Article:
# Least-squares approximation of the circle using cubic Bézier curves

We’ve already found a way to approximate a circle with cubic Bézier curves that has the smallest-possible maximum radial drift.

However, a doubt remains: If we allow the Bézier curve to drift slightly further from the circle—perhaps just momentarily—could we find an approximation with a better fit overall?

To answer this question, we’ll borrow a page from physics: The method of least squares finds the best fit while allowing for outliers by minimizing the sum of the squared residuals. We can apply the same method in continuous form to find the cubic Bézier curve that best fits the right circular arc.

To do this, we’ll impose two constraints:

1. The endpoints of the cubic Bézier curve must coincide with the endpoints of the unit right circular arc, and their first derivatives must agree there.
2. The total squared radial drift must be as small as possible.

The general form of a cubic Bézier curve is:
,

The first constraint implies that:

This gives the parametric form of the cubic Bézier curve:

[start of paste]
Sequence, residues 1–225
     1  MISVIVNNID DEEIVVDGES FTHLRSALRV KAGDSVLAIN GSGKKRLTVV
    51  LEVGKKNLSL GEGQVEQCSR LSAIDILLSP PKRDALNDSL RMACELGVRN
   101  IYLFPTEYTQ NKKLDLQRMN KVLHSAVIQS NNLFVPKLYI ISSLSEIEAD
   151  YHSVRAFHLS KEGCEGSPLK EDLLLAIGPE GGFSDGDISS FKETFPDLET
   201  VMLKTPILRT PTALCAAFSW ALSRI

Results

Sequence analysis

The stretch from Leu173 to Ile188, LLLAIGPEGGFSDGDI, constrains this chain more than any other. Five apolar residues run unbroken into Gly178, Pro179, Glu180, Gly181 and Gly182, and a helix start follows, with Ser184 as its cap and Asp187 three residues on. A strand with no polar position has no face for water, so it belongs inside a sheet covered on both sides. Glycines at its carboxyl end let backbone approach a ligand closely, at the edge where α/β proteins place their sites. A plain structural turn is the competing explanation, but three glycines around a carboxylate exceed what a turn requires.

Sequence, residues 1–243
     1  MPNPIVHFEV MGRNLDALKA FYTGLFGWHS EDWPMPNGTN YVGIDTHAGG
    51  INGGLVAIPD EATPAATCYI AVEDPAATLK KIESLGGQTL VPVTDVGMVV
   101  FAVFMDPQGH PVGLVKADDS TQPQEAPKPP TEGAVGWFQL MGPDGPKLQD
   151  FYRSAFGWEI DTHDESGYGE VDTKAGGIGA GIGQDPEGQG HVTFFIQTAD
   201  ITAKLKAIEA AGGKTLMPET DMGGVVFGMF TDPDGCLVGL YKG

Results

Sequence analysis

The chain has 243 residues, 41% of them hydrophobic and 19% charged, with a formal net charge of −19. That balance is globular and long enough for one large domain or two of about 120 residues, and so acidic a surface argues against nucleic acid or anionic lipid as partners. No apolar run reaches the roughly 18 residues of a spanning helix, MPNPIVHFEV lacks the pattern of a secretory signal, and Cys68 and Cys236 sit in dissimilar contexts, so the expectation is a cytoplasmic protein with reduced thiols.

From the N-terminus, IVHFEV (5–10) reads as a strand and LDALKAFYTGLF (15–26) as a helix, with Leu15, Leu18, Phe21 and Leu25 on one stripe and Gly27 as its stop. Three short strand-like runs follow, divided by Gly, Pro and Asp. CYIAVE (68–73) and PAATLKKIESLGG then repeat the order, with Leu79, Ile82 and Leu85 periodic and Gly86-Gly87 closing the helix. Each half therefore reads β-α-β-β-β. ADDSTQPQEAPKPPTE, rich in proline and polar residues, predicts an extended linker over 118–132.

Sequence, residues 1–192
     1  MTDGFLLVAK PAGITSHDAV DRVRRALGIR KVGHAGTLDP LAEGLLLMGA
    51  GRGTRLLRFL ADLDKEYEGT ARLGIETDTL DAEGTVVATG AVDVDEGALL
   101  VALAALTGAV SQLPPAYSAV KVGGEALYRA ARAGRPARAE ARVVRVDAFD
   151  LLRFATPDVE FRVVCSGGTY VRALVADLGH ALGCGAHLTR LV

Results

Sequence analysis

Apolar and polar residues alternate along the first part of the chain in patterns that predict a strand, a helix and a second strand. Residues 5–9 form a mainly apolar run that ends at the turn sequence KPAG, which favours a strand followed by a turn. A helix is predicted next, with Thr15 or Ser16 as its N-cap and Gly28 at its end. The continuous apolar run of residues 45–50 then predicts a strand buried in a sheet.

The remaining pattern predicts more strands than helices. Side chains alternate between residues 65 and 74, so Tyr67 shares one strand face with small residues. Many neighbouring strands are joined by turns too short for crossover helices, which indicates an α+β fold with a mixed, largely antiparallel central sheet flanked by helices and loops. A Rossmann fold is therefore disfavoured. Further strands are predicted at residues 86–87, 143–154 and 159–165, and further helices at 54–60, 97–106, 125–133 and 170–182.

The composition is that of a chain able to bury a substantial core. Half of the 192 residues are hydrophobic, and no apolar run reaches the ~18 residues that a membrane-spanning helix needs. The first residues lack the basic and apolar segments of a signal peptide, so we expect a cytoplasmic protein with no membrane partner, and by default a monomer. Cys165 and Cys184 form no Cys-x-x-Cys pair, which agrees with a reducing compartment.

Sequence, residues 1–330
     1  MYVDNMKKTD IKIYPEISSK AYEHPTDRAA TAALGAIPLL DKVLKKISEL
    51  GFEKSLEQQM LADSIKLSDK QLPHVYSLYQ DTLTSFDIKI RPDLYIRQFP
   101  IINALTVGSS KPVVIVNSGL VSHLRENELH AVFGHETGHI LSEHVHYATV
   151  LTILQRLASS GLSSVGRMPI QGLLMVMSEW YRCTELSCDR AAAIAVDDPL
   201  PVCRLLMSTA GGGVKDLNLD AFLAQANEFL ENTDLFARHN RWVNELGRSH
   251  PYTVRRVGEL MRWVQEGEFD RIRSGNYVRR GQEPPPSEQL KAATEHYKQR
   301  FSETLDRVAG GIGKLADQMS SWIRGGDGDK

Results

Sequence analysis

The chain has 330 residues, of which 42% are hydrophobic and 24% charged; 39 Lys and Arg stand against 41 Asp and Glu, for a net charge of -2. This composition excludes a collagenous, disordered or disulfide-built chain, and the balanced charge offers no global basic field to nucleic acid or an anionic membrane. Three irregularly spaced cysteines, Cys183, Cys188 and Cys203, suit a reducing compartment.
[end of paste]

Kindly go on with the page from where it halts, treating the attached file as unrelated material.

Our task is to find the value of which minimizes the total squared radial drift.

The radial drift is the radial distance from the cubic Bézier curve to the circle:

And the total squared radial drift is:

David Ellsworth found the optimal value of :

This is the least-squares approximation to the right circular arc:

The least-squares approximation is almost the same as the earlier min-max approximation, but the maxima are slightly increased, and the minimum is slightly reduced.

You can see this in the graph of the squared radial drift:

These adjustments slightly improve the total squared radial drift, but worsen the maximum radial drift. The total squared radial drift is in the least-squares approximation, which is better than the min-max approximation. The maximum radial drift is , which is worse.